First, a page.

Consumer culture changed as well.  In conjunction with the automobile and refrigeration, the supermarket ushered in a culture of “one-stop shopping” for produce trucked in from distant places, and the convenience of frozen food over fresh.  This culture only deepened in the post-World War II era of TV dinners and suburbia, and in fact the number of farmers’ markets plummeted throughout the country to as low as 100 in the early 1970s.  In less than a hundred years, they made the transition from being a vibrant center of urban culture to a novelty – as they still are for many today.

Even despite this overall trajectory, it is interesting to note that the hard economic times of the Great Depression actually spurred a return to direct marketing as part of the “self-help” efforts underway.  Farmers’ markets briefly increased, as did the phenomenon of rural roadside farm stands, newly made possible by the spread of the automobile.  In a  of New York published in 1939, author H.S. Kahle touted direct markets as a means for farmers to embrace an “economical way of marketing,” that reduced dependence on inflexible distribution costs “so that [the farmer] may get as much as possible of the consumer’s dollar.”  (For more on this report, see the background information at left)

It is still true that direct markets provide a unique way for small farms to survive in a global wholesale food system, and therefore for communities to have a diversity of fresh, local products that extend far beyond what is available in supermarkets, and may even be a better price.  Yet they also provide far more in terms of culture.  As Joe from The Berry Farm explained, direct markets provide the chance to reverse the TV dinner culture, one small step at a time.  And already farmers’ markets and farm stands offer rare social spaces for people from different parts of a community to meet, share, and learn from each other.  Farmers might share ideas or techniques with each other or listen to the health concerns of their customer; patrons might come to understand what 90-degree days mean for farmers, or run into neighbors they never see.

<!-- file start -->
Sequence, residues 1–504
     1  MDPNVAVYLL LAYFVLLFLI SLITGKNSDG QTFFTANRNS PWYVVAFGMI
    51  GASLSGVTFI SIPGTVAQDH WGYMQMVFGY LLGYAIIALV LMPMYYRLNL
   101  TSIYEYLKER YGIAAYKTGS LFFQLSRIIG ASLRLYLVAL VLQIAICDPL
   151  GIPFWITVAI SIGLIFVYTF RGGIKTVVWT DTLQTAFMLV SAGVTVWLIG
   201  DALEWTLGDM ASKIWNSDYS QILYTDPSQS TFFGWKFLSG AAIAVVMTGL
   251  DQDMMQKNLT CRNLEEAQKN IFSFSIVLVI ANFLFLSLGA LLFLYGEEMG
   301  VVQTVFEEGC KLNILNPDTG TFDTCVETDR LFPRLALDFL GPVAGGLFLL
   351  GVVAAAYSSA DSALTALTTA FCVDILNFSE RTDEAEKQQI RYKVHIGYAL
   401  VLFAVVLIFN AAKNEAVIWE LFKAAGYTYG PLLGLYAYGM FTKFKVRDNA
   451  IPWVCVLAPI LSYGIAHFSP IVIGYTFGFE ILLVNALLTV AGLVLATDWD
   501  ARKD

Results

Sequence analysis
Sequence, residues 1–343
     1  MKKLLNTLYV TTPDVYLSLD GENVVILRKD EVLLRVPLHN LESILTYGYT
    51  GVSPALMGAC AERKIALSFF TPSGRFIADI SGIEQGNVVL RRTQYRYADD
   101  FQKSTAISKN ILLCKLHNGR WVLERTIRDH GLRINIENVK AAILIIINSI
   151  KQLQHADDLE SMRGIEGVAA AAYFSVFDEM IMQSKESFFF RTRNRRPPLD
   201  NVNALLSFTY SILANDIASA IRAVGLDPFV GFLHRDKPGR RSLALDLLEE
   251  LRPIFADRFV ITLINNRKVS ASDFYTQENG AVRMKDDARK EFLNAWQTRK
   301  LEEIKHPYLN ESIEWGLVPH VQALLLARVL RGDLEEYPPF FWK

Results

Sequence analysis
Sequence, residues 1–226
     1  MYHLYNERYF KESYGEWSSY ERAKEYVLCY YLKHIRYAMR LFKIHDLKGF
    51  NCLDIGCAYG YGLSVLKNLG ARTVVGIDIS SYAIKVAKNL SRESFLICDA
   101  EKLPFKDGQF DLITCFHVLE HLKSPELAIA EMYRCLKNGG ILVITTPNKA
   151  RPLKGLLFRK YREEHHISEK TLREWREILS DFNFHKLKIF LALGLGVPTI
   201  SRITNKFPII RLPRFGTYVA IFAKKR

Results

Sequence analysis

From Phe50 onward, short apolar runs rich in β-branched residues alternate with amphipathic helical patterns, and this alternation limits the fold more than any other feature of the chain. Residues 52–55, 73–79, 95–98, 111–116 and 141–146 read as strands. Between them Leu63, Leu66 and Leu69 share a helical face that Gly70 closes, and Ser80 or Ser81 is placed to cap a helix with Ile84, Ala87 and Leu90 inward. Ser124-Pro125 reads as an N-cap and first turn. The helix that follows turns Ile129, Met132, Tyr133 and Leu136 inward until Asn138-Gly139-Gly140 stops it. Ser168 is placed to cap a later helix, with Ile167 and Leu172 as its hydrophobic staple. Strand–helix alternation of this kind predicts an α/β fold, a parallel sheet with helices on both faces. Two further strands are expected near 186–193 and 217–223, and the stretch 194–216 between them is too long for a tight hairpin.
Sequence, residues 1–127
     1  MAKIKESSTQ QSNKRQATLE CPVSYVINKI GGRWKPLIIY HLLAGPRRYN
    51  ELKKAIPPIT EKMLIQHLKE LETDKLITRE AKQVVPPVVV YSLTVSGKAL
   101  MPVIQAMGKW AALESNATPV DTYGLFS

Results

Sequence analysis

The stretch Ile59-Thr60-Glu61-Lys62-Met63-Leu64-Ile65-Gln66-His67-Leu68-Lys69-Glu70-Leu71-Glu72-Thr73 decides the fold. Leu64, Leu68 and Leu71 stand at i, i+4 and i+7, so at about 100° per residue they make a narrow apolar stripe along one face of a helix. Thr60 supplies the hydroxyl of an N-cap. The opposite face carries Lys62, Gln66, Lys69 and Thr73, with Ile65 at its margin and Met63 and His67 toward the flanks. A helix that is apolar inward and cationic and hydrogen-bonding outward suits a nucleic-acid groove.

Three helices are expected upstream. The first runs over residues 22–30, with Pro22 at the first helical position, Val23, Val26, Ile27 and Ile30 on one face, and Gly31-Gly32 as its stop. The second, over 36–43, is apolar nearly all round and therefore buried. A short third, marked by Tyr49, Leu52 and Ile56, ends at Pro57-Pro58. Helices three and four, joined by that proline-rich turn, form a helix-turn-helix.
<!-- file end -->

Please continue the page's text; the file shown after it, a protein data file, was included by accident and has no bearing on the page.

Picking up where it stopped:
Why might all this be important?  I think it is often in the in-between social spaces and moments that new ideas are hatched, bonds strengthened, and fruitful connections made as we expand our understanding of other people’s realities, the food we eat, and the place that we live.  So this is the great potential of farm stands and farmers’ markets – to become ever more inclusive and woven into the culture of individuals and communities.

The Berry Farm

The Berry Farm in Chatham, NY has grown from a small, seasonal farm stand in the early 1980s to the present year-round facility.


Brown, A.  2001.  Counting Farmers' Markets.  Geographical Review, 91 (4).

Hinrichs, C., Gillespie, G., and Feenstra, G. 2004. Social Learning and Innovation at Retail Farmers' Markets. Rural Sociology, 69 (1).

Kahle, H.S. 1939. Roadside Market Survey. New York Agricultural Experimental Station Cornell, A.E. Series 255-275.

Lyson, T. 2004. Civic Agriculture: Reconnecting Farm, Food and Community.  Lebanon, NH: University Press of New England.

Pyle, J.  1971.  Farmers' Markets in the United States:  Functional Anachronisms.  Geographic Review, 61 (2).

Roth, M.  1999.  Overview of Farm Direct Marketing Industry Trends.  Presented at the Agricultural Outlook Forum, 2/22/1999.